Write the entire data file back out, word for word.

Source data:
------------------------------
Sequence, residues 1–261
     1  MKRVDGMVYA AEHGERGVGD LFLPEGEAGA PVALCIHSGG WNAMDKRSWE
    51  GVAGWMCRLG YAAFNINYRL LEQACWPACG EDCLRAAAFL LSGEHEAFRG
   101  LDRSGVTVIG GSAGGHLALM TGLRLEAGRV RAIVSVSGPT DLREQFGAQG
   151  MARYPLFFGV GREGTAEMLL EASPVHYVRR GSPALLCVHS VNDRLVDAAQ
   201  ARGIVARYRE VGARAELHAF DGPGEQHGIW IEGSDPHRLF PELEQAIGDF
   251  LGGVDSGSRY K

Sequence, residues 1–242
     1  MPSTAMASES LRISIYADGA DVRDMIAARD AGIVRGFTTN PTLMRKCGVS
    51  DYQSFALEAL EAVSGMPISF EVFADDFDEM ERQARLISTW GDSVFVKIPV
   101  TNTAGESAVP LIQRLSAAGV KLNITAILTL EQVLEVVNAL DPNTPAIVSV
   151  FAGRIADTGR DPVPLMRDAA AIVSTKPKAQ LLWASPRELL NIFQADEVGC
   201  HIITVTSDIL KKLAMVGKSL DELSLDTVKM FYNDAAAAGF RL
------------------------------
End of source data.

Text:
Sequence, residues 1–261
     1  MKRVDGMVYA AEHGERGVGD LFLPEGEAGA PVALCIHSGG WNAMDKRSWE
    51  GVAGWMCRLG YAAFNINYRL LEQACWPACG EDCLRAAAFL LSGEHEAFRG
   101  LDRSGVTVIG GSAGGHLALM TGLRLEAGRV RAIVSVSGPT DLREQFGAQG
   151  MARYPLFFGV GREGTAEMLL EASPVHYVRR GSPALLCVHS VNDRLVDAAQ
   201  ARGIVARYRE VGARAELHAF DGPGEQHGIW IEGSDPHRLF PELEQAIGDF
   251  LGGVDSGSRY K

Sequence, residues 1–242
     1  MPSTAMASES LRISIYADGA DVRDMIAARD AGIVRGFTTN PTLMRKCGVS
    51  DYQSFALEAL EAVSGMPISF EVFADDFDEM ERQARLISTW GDSVFVKIPV
   101  TNTAGESAVP LIQRLSAAGV KLNITAILTL EQVLEVVNAL DPNTPAIVSV
   151  FAGRIADTGR DPVPLMRDAA AIVSTKPKAQ LLWASPRELL NIFQADEVGC
   201  HIITVTSDIL KKLAMVGKSL DELSLDTVKM FYNDAAAAGF RL